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The Great Impact of the Librarian Upon Your ESL Students

written by: Deidra Alexander • edited by: Linda M. Rhinehart Neas • updated: 12/30/2013

The school library is the hub for literacy for all students, including English as a Second Language (ESL) learners. The librarian and ESL students together can use the books and materials as enrichment tools for every possible aspect of language learning.

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    Creating a Bond

    The school librarian and English as a Second Language students can form a unique relationship separate from the one these students Library share with other teachers. The librarian knows certain ways to kick things up a notch to allow for a meaningful bond between a literacy partner and a student. ESL students will drink up these learning opportunities enthusiastically, and without them their education just will not have the same oomph and polish.

    Librarians who have one or multiple ESL students at their school have to be active in keeping every part of the library functional and useful. A thorough multicultural section in the school library is just as crucial as the reference section; neither carries more importance over the other for any sector of the school service population. It is a good idea for school librarians to look at each section in the same light and take what steps they can to get their library up to par.

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    Building the Multicultural Section

    Add multicultural books to the library that help to build English vocabulary or oral proficiency. Acquire books on an appropriate reading level that are also of high interest. These books should be in English and easy to read but on an appropriate grade/age level. For example, if the school services students who are in middle school then the books could be on subjects that this age likes, but on a third- or fourth-grade reading level.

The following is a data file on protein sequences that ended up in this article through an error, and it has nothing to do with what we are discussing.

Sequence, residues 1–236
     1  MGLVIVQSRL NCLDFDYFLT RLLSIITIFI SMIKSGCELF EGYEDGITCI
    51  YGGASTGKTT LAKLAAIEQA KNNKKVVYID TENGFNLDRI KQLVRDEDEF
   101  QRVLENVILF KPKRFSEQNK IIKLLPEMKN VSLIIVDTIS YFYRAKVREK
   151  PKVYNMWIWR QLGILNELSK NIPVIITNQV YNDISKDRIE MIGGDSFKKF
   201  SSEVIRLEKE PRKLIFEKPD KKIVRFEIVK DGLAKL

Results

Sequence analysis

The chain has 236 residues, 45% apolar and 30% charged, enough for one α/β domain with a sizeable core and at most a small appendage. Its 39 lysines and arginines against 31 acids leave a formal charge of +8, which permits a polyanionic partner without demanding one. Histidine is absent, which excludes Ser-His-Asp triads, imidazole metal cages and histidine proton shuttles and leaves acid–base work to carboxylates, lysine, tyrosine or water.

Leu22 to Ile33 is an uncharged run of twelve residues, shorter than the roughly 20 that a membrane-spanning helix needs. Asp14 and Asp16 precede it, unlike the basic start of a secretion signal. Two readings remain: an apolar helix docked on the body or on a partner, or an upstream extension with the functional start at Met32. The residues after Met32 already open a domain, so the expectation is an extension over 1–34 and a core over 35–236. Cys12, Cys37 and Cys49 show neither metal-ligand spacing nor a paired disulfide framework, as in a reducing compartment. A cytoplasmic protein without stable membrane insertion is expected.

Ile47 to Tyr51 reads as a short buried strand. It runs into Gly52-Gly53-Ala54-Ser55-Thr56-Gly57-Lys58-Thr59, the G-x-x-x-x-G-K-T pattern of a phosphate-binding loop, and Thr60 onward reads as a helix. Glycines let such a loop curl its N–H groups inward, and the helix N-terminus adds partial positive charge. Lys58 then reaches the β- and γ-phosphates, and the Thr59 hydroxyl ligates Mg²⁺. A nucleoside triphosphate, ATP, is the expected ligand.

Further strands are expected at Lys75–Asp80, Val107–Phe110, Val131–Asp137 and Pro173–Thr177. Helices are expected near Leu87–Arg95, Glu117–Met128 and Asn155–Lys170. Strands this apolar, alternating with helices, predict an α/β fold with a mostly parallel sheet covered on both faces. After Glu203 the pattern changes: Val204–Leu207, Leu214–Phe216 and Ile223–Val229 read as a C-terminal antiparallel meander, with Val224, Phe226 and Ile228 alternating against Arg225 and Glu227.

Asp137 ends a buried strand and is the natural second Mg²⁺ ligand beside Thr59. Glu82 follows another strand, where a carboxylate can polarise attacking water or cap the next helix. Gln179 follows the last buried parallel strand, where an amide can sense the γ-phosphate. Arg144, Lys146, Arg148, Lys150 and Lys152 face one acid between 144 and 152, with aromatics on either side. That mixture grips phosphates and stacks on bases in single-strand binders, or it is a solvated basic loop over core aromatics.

One direction to take is by the way of the classics. You can also use current books that are highly popular, since chances are they will eventually be the new classics. It is also wise to be mindful of what students are able to get out of the book as well.

    Tip: Find books from outside sources that the library can either buy or borrow that are in your students’ native language. Basic library elements like newspapers, dictionaries and encyclopedias should not be hard to find in a foreign language. Try to select already-placed English materials that also offer multiple languages or come in an alternative language. Getting books like these will help a student realize the translation between the two tongues.

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    Giving the Grand Tour

    Inviting ESL students to the library is the simplest way that the school librarian can maneuver his/her way into the life of an ESL student. When there are no other classes going on in the library, the ESL teacher will bring the student to the library to become familiarized with the room and the librarian, and also learn what services the librarian can give the students when they come there to work on a paper or gather information. A tour can be conducted that includes labels for each section. Areas that can be easily explained with pictures would be a good idea here. When the tour is complete, the student is left with a takeaway diagram of the library for future visits.

    Soon after the tour, students need to return to the library to work on actual, individual assignments in order for this to be effective. By frequent interaction with each student, a rapport will form between the librarian and ESL students--and the rest will be history.

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    Additional Resources Suggested

    Additional resources for the school library to obtain are audio-books that students may enjoy. Aside from these supplements, listening programs that build second language conversational skills or listening comprehension can also be included on library shelves. The possibilities are actually larger than one would think, but an adept school librarian will have the skill and know-how to find and implement necessary tools to support ESL faculty and students.